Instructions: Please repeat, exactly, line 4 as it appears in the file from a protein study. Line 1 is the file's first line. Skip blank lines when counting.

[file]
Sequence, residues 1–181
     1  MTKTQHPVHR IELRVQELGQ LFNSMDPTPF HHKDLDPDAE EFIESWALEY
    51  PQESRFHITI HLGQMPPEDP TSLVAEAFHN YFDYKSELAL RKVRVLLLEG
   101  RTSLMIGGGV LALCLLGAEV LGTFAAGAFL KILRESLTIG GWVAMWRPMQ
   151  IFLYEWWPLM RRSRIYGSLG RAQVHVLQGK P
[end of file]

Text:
   101  RTSLMIGGGV LALCLLGAEV LGTFAAGAFL KILRESLTIG GWVAMWRPMQ